But here, in the excerpt below, I am just going to share three political causation ideas I have heard over the years. This is the theory style that I was most stuck on when I was in crisis. Though thinking this way was toxic for me at the time, in recovery I can reflect on ways that some of my special messages were in fact political in nature. I personally was able to dig myself out of crisis when I shifted to the spiritual causation theory style, a style that causes some to get stuck and marginalized. In the chapter, I legitimize these two causation theories in addition to thoroughly exploring the other legitimate theory styles, psychological, trauma, and scientific.

 

Detailed Political Causation Examples: Read More

How to Keep “Psychosis” Focus Groups Inclusive:

I fervently believe that having survivor-led group therapy that redefines “psychosis” is missing in the system.

Over the last nine years, I’ve been leading what I call special message groups in multicultural settings. I have found that such groups can be run safely and have the power to transform lives. However, I do admit that when it comes to kicking people out of group to maintain group equilibrium and safety that I believe there are a few things to consider first.

Firstly, I believe that a group leader needs to be prepared for the fact that mad people show up in very different ways. Group facilitators need to be familiar with and recognize a wide variety of presentations or manifestations. Perhaps group members may feel like they are being mocked by others in the group via illusionary ideas of reference or even controlled by them. They may code up their language for protection. They may treat the facilitator as if the facilitator can hear the same voices they hear. They may not believe, in spite of stories shared, that the facilitator has experienced what they have.

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Excerpt from Special Messages Book, Chapter Seventeen, Anti-Stigma Cognition for Social Rehabilitation

Philosophy of Reality that Promotes Anti-Stigma Cognition:

In order to sell the good parts of cognitive therapy as a tool for social rehabilitation, I have had to create an underlying philosophy about what reality is. This is a model that can come up at various points in individual and group therapy as a means of motivating a message receiver toward using the material world to fact check their spiritual insights.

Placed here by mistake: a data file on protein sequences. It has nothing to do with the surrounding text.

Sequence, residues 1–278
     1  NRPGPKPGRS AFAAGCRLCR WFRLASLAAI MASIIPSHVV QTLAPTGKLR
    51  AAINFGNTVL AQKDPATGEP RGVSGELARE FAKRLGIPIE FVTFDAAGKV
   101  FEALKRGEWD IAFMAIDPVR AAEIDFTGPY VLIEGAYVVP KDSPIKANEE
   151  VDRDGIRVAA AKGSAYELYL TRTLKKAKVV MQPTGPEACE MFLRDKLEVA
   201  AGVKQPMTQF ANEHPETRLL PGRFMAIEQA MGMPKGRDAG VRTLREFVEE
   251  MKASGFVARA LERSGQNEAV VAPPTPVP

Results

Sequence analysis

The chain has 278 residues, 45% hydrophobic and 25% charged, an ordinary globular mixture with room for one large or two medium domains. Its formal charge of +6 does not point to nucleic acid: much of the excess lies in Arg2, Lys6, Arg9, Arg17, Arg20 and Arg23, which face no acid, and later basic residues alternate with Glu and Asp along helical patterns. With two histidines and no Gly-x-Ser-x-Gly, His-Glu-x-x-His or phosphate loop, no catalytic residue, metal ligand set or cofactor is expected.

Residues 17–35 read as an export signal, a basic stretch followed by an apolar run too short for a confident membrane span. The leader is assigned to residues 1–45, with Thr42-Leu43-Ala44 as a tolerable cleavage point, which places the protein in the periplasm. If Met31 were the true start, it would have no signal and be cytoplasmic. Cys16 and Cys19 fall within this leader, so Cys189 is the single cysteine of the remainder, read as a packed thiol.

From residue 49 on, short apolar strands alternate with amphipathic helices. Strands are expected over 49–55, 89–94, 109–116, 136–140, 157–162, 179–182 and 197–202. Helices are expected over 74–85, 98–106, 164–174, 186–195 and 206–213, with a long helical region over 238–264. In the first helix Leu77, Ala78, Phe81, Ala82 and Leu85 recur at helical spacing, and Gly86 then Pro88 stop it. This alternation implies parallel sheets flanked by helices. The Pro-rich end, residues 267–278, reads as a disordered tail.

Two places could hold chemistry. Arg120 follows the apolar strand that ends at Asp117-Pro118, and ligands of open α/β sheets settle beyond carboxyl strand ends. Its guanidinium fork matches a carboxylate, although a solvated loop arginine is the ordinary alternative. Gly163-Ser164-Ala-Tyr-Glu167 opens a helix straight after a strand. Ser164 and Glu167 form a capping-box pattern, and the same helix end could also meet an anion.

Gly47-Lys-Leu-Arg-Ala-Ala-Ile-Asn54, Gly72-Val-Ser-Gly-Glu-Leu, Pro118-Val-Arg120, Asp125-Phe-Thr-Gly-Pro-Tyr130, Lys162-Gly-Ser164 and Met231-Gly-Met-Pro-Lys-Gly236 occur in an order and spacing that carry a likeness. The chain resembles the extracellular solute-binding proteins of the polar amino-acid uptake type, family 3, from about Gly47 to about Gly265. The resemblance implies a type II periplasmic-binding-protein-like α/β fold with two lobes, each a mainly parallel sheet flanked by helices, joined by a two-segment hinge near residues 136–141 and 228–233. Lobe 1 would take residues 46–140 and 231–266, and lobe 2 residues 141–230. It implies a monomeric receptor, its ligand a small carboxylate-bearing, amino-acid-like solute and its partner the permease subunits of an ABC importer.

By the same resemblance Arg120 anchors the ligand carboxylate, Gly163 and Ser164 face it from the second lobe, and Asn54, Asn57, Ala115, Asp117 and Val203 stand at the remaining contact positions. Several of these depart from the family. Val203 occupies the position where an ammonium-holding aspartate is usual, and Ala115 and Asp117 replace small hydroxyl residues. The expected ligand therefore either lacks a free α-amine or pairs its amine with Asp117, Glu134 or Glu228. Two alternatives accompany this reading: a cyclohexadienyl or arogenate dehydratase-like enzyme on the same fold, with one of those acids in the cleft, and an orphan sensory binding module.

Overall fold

In this model, I consider reality to be a dialectic between the spiritual message world and the material modern world. The spiritual message world involves all the message experiences that I took pains to identify in chapter four and throughout the text. In short, this includes things like ESP (i.e. reading minds,) hallucinations (i.e. hearing voices) and intuited reality discerned through things like coded linguistic coincidence and loosely associated coded symbols that inhabit a real or imagined world. The spiritual message world is very much in the subjective perspective of an individual consciousness.

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University Town

Having spent last night

In this University town

Tooling around

With well-adjusted kids

Who have nothing

Except time

To charm each other,

I wake late

And am struck

Like a sword in the gut

With thinking about

The stress of the clock

And that ongoing need

For politeness

As I wait

For my host’s

Breakfast to be finished. Read More

Writing for Mental Health: Six Basic Considerations

I like to think that I could recommend writing to some other people who have been subjected to a diagnostic labeling process that diminishes their hopes and potential. Indeed as emotional tension pulses through my back and appendages, I have found few other outlets that are there for me like the mixing and mastering letters.

Sure, I have been sent to a shrink for being who I am. Sure, I have been buried in institutions at different points of my life. Indeed life on that trajectory has filled me with loss and lack. But when I’ve found myself incarcerated immobile, I’ve been blessed to find value in defining it. Initially as a teen, I found  appreciating expressive words through music got me started. The more I switched from song to verse to story, I found the problem-solving that takes place in the editing process satisfying. Indeed for me there are few other outlets that rival writing in terms of learning about life and wellness.

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A Vacation Day for a Schizophrenic:

Fifteen years ago, I remember hearing a psychiatrist who had just been away for two weeks say, “There is no such thing as a vacation when you are schizophrenic!” As an unlicensed professional vying to get a staff position on the unit, I had carefully avoided rolling my eyes. I had politely nodded my head as though it had been a thoughtful thing to say.

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This year’s weekend of April 1st, my wife supports me in insisting that we take a vacation day. She packs up her hybrid SUV with camping materials and when I finish my Friday commute, we hit the interstate headed north. We plan to camp and hike at the Kings Range on the Lost Coast in Humboldt County, but we know even before we sift through the remains of the Bay Area traffic, there’s no way we are going to make it the whole way.

We make it to the city of Ukiah and drive until we find a Safeway. I am about ready to drop as we load our shit into the front of the car and depart to hit the restroom. We pass the panhandlers and the no camping sign and I start to stress about the possibility that the security will force us to move on in the middle of the night.

“Don’t worry about it my boobie,” says my wife.

I look into the eyes of a particular panhandler and hate our privilege. There sure are a significant amount of late night shoppers who are finishing their long weeks. I ponder the meaning of it all over the urinal. After we regroup, we steal into the back of the SUV.